Blain’s Morning Porridge, Submitted by Bill Blain
“Nobody exists on purpose. Nobody belongs anywhere. We’re all going to die. Come watch TV.”
Joy unconfined. Yesterday, global stock markets went mildly stratospheric on the back of strong US earnings. The US banks are spanking the proverbial ball out the field - hardly surprising as global corporates try and fatten up and over-leverage themselves on cheap rates before the Fed hikes them into debt-driven oblivion. (Oh… harsh, poetic and very fair comment.)
So, this morning, let’s forget about the bad stuff like Junk Bonds, About-to-be-Junk Bonds, Trade, Oil, Saudi, Italy and the rest: party-on, Risk on, and let’s not dig too deep lest we find something worrisome.
Sadly, I suspect y’day will prove to have been out of synch with the deepening decline in overall sentiment. Bloomberg reports that 85% of the fund managers its surveys think the global economy is in “late cycle” - and 38% see recession in the next year. That’s a very strong consensus for recession - much stronger than in late 2007.
If the global Boom is heading for slowdown or bust, then I challenge anyone to justify current stock markets without referencing technical factors such as: “there is nothing else to buy”, “still low interest rates as a result of QE”. Bloomberg references “quantitative tightening” as the big threat as the US Fed hikes rates. I am struggling to find any real fundamental reasons to believe it’s a future of unmitigated happiness and blessed upside for stocks.. But… I’ve been wrong before.
On the basis I am not a stock analyst and understand very little... let me share a few thoughts on Netflix: y’day’s stock-market darling.
Netflix got plaudits when its surprisingly strong rising subscriber numbers triggered 20% price upside. Wowser. Quite a gain - but for how long? Apparently the rising subscriber base justifies its spend on hours and hours and hours of TV Pap. (*Pap - Scottish Bread: very thick, tasteless doughy bread that’s got absolutely nothing healthy in it. Scots love it. Its particularly good deep fried with egg and cheese.. but maybe that’s just me?)
Lets think this thru:
Nexflix’s business success this quarter was to attract 7 million new subscribers by spending $7 billion on new programmes? Go figure. Are these subscribers paying $1000 per quarter? I don’t think so. Is that a model? What’s the game? Spend billions to get millions from subscribers. Not sure how that works, but hey the stock market loves it. The stock price goes up and everyone is massively happy.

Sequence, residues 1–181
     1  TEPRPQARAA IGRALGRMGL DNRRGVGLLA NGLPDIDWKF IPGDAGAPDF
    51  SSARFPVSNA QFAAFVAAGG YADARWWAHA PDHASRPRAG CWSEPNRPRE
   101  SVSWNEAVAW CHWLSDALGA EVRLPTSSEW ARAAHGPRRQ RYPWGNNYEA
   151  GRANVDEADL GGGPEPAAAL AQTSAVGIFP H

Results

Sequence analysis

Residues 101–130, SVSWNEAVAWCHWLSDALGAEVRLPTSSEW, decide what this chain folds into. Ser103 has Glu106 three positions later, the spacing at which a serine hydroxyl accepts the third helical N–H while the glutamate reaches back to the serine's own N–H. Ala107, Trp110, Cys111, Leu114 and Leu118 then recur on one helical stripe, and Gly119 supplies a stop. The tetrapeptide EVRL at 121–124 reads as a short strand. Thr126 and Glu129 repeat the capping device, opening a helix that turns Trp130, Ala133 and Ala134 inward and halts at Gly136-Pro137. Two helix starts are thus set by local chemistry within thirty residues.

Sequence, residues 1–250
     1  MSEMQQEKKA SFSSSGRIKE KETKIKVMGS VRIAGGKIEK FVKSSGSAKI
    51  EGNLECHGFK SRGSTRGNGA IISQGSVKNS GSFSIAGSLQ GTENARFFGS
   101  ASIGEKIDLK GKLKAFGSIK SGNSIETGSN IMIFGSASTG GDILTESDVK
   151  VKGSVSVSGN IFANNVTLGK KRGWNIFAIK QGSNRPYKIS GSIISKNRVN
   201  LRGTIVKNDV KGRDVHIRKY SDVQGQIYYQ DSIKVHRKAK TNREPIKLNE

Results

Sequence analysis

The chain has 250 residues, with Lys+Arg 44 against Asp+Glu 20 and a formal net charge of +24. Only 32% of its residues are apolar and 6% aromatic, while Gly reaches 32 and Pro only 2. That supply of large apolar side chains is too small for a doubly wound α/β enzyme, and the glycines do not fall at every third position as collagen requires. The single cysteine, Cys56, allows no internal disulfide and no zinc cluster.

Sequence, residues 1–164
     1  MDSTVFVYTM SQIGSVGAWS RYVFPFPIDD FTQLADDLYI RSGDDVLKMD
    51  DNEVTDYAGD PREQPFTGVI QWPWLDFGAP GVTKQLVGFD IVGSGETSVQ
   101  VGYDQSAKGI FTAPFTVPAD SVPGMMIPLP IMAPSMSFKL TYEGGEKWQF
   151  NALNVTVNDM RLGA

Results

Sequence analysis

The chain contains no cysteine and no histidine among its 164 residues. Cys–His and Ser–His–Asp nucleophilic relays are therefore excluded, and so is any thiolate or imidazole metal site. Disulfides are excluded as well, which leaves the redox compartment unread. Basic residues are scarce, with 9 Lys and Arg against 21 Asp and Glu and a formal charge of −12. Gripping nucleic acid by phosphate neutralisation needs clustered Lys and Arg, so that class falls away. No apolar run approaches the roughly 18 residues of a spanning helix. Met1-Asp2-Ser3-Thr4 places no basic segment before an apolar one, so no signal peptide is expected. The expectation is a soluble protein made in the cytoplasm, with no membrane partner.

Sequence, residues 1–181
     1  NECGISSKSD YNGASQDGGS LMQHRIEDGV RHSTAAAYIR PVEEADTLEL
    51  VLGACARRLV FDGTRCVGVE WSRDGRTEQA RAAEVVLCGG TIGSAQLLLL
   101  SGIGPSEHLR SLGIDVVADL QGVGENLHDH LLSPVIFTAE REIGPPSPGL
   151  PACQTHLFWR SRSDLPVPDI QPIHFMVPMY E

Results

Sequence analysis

I suppose it works if Netflix can continue to spend more and more enticing new subscribers into the service while the existing subscribers pay for it. At some point I suppose they break even? But that would mean investors would need to stay about 8 years before they paid their “in” cost.. and doesn’t it sound and feel just a tiny bit… well Ponzi??
Am I missing something?
I love Netflix... at least I would if there was actually anything I could be bothered to watch on it. Sure, I was delighted at first. I was a little boy let loose in a veritable toyshop of apparently binge-worthy TV. I binged. Yes I did. But now… I only turn over if there’s absolutely nothing on terrestrial TV and I’ve already watched the new season of Vikings on Prime. The only reason we’ve not cancelled Netflix is because we lack the willpower or energy to do so. I wonder how many subscribers sign up… watch a couple of programmes, and then don’t bother.. and then unsubscribe? If I were a stock analyst I’d be asking these questions. But I’m not..
About the only reason I’ve kept Netflix is waiting for the next season of Rick & Morty - but what I pay for my Netflix subscription it prob makes sense to buy it on Prime. Ach, the convoluted economics of watching TV.